In a Previous article, I quoted Intercultural competence as the capability to function effectively across various cultural contexts (national, ethnic, organizational, generational, etc.). From here came the concept of Cultural Intelligence (CQ). In the CQ Model above, Drive sits as the corner stone of gaining CQ. In this article, I present CQ Drive and its components and how it grows Intercultural competence. From a practical coaching skills perspective with examples from my most recent Intercultural experience.
In CQ, there are three sub-dimensions to drive. The first is Intrinsic Interest where an individual derives enjoyment from culturally diverse experiences. This is demonstrated in an individuals’ preference for choosing to go on a tour on your own to explore the local neighborhood in a country you decided to visit and speak with local people instead of taking a bus tour guide where you are a distant participant.
When I first arrived in Norwalk, CT in 24th , January 2016, I remember going down next morning with my kids for a walk exploring what people were doing in our neighborhood. I visited the library and found my first Dunkin Donuts. I met few people from different backgrounds who smiled back and said hi. Norwalk, CT is multicultural, and Americans are welcoming in general. I felt happy and settled-in quickly. My adventures in the neighborhood told me something about my ability to enjoy the context and be part of it. It was natural and filled me with joy. Benefits of this walk came back two days later as you will see next.
The second sub-dimension is extrinsic interest which means an individual can be motivated to benefit professionally from an Intercultural encounter. This may ably to certain people whom their career is around being in an intercultural environment, it means they will find ways to interact and grow their cultural awareness motivated by that. For me, this was the ability to learn how to standout in an American competitive market filled with leadership coaches.
The third day after my arrival I was picked up by the ICF-CT president Sheila Wall, from the doors of Norwalk library, which I had explored two days earlier, kindly offered me a return drive to the chapter in-person meeting (that’s why it’s important to walk the local streets where you go). She introduced me as a first timer and I was greeted by 25 professional peers and assigned a one our free coaching which later determined my involvement on the board for a year. I was motivated to position my career through the chapter and made my list of to do things when I arrive in CT a month ahead, one was to call the chapter president and seek information. Luckily, my call came three days before the meeting in the middle of all the unpacked boxes and luggage on the first day of my arrival as it was on the top of my list to do. The guest presenter of the workshop was Marge Piccini and the topic was about positioning yourself in the market as a coach. I had the honor to be coached by her in my own positioning for a free hour as part of a draw gift. I then worked hard to learn more, and I am now the owner of my business in Intercultural coaching. I was highly motivated professionally to situate my self in the market and succeed.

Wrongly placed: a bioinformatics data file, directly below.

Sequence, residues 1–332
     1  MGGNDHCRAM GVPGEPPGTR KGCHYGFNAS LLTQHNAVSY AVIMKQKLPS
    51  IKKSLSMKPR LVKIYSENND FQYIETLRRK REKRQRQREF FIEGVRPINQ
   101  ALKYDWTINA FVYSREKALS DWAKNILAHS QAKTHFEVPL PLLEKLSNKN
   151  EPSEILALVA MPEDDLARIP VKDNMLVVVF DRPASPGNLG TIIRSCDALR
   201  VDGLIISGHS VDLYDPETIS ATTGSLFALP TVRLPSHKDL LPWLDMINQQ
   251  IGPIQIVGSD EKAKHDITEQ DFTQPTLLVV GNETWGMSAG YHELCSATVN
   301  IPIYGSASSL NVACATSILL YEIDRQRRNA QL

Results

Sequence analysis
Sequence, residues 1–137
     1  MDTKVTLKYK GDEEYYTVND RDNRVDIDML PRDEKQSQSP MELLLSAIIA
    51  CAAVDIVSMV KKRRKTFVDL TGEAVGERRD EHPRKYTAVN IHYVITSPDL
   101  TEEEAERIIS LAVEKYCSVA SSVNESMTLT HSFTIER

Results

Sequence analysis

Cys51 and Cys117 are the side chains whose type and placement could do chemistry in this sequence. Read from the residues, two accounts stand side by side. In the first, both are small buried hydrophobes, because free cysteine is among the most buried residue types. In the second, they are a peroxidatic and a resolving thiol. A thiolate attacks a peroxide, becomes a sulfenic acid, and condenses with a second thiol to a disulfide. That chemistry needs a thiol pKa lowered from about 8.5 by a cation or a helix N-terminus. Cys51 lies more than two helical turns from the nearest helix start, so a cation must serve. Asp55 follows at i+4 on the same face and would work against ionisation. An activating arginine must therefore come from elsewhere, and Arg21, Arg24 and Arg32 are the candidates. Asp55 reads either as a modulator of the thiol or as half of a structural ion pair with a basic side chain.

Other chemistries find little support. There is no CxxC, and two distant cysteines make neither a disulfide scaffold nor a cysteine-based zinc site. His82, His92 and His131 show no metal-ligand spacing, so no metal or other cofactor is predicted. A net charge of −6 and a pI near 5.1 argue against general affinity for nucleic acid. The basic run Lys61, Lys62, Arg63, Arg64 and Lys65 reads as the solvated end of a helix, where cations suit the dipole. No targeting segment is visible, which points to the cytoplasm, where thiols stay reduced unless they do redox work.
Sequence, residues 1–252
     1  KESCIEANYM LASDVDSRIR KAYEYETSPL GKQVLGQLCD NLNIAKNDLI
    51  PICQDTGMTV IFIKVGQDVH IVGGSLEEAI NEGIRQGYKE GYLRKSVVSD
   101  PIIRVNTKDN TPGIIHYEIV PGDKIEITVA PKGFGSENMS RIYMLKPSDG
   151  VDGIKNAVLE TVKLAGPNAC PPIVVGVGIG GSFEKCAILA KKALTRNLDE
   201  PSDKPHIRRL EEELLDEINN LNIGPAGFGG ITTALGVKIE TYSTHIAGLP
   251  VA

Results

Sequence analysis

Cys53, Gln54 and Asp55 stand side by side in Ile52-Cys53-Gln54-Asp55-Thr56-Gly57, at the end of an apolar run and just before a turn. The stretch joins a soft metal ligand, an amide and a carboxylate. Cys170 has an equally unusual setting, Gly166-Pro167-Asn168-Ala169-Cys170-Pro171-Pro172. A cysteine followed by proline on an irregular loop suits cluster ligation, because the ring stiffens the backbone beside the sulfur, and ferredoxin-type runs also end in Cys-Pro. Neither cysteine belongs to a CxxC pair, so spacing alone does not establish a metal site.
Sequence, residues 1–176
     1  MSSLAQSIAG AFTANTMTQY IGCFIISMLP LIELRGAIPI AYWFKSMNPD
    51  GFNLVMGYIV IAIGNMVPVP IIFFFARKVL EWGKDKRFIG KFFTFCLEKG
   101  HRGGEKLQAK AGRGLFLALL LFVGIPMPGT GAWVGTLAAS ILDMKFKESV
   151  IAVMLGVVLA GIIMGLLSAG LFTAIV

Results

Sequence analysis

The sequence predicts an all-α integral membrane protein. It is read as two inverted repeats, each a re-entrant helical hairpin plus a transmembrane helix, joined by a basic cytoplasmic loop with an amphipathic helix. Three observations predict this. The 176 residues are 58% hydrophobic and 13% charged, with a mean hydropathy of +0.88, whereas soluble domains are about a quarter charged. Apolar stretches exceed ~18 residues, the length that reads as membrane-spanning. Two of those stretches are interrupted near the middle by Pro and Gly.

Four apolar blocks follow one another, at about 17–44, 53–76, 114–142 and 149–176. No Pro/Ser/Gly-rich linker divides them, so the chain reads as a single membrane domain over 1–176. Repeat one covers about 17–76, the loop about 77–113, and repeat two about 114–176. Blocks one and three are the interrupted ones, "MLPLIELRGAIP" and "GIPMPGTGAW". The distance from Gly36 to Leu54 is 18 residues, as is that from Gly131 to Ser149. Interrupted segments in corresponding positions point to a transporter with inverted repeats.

The third sub-dimension in CQ Drive, is self-efficacy. Self-efficacy means having the confidence to be effective in a culturally diverse situation. This is the part that I emphasize during an intercultural coaching session. The strength you have which can be used to enhance your performance. How to capitalize on your past successful experiences. This is exactly what Marge Coached me on in 45 min of the hour she gave me. Quickly that changed my Career direction and focused my thoughts. This is the essence of what I do in my company Fanar when I present CQ training and Intercultural coaching. Therefore, I think I can help anyone who finds themselves in a new transition and a different culture, be it marriage, career or study.
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 Soon Ang and Linn Van Dyne, 2008. Conceptualization of Cultural Intelligence, in Handbook of Cultural Intelligence: Theory, Measurement, and Applications (Armonk, NY: M.E. Sharpe, 2008), 3.